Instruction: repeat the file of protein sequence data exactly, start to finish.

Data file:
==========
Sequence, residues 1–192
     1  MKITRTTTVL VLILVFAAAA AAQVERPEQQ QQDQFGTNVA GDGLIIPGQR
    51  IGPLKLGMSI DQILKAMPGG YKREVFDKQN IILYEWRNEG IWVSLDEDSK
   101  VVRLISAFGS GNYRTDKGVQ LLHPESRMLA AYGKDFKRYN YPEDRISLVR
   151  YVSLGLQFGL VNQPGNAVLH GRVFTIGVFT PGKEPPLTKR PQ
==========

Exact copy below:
Sequence, residues 1–192
     1  MKITRTTTVL VLILVFAAAA AAQVERPEQQ QQDQFGTNVA GDGLIIPGQR
    51  IGPLKLGMSI DQILKAMPGG YKREVFDKQN IILYEWRNEG IWVSLDEDSK
   101  VVRLISAFGS GNYRTDKGVQ LLHPESRMLA AYGKDFKRYN YPEDRISLVR
   151  YVSLGLQFGL VNQPGNAVLH GRVFTIGVFT PGKEPPLTKR PQ